Ellen is on her way to the bottom floor of an unknown building. Along the way, a discomforting man named Ben tags along for the ride, mumbling guttural sounds. Soon, a security guard named Hank charges and screams into the elevator and insists on going to the top floor as so the "creatures" don't get them. From there on, it's an implied roller coaster ride into short endeavors and brief character development as we see who we should really fear; man or beast. Only after beginning to explain the nourished plot does the entire debacle of detail seem extraordinary. Elevated doesn't need to be narrated to be understand, in fact, quite the opposite. Elevated will unravel precisely aided only by time - 17 minutes to be near exact.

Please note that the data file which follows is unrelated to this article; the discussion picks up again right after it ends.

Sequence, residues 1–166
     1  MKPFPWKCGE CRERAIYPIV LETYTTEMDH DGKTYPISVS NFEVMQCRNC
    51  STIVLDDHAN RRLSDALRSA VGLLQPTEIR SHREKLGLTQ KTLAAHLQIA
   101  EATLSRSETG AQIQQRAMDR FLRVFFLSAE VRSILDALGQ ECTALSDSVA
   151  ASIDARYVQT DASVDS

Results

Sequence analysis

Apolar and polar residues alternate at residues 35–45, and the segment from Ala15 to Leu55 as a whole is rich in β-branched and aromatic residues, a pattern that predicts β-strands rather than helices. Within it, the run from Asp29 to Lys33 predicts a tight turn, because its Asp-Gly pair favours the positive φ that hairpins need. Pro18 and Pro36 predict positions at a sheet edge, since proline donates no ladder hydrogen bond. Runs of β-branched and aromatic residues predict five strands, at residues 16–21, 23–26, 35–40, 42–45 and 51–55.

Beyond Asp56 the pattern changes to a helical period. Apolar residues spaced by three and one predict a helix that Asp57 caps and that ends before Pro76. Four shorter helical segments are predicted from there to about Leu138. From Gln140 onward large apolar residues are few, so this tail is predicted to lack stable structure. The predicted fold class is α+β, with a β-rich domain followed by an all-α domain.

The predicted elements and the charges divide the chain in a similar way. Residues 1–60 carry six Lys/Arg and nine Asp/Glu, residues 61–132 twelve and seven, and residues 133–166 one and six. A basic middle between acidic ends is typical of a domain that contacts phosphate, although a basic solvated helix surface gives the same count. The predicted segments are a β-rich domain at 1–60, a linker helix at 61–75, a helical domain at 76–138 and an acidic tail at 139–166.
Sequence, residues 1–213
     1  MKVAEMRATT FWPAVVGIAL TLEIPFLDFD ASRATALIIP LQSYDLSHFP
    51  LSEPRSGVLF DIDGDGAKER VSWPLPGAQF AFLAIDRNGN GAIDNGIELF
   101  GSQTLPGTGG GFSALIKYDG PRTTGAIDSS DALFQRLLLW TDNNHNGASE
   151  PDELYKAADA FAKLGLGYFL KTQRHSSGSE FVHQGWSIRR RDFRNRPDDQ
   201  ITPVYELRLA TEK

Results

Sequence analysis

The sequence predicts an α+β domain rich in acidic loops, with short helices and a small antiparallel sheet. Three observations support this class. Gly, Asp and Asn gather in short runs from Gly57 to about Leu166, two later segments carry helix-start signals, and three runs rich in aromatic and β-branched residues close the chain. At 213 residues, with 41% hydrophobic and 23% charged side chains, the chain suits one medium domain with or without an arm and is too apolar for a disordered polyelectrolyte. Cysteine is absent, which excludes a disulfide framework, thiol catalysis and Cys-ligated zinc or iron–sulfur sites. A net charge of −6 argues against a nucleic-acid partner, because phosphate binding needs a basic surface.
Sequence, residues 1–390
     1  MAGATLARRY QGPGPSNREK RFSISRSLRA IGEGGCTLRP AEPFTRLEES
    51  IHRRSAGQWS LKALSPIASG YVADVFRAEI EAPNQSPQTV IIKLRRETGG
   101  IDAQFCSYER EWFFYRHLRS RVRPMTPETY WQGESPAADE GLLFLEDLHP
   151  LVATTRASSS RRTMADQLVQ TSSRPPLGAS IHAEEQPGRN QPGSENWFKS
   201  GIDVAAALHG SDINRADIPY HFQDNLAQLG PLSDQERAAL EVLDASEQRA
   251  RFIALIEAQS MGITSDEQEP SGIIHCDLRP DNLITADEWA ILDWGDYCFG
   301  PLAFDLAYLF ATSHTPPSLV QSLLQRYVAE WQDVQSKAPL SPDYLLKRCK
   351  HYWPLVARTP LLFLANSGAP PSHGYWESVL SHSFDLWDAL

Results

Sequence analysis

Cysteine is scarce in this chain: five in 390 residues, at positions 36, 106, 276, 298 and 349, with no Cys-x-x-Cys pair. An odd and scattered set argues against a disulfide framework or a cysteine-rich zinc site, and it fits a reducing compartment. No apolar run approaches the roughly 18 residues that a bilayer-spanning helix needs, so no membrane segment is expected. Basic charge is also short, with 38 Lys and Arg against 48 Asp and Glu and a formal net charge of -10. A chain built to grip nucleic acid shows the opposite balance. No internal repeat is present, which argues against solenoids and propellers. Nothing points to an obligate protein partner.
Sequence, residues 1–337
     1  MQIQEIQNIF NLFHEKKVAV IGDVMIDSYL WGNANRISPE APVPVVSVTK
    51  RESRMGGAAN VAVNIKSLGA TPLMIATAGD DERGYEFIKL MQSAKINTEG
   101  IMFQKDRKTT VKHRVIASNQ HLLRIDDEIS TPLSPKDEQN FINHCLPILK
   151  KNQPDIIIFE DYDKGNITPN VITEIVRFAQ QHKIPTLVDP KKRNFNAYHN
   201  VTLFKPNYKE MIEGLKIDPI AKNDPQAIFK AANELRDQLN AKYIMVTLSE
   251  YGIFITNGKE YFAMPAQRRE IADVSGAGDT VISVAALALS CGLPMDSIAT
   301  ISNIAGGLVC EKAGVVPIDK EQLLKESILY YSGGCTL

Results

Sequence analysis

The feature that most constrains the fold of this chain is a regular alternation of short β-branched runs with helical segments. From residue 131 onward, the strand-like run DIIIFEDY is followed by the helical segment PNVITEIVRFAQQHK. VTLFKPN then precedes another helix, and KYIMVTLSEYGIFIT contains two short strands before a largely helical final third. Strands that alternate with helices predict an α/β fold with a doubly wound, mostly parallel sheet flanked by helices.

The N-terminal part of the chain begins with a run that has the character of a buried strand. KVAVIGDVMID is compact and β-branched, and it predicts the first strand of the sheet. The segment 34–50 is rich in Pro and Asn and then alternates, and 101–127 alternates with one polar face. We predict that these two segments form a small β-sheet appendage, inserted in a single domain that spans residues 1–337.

To reveal more claustro-horror shorts, might I recall memories of the terrifying and manic-depressive La Cabina which left me in awe at the surprising cleanliness of the whole unexplained ordeal. As you will witness here, Elevated will not answer questions. You could mope and complain, whinging on the lack of questions answered but by the end mark you'll be begging for more questions to be proposed. Elevated is short, to the point, uncomfortable, and entirely madcap with its performances of the three key characters; Hank, Ben, and Ellen. Elevated keeps it short, sweet, and utterly simple and that's how I want to present my review, except for the blue monochromatic light. Don't listen to me, watch it for yourself above. Thanks to his incredible filmography, I'm officially excited for his new film - Splice.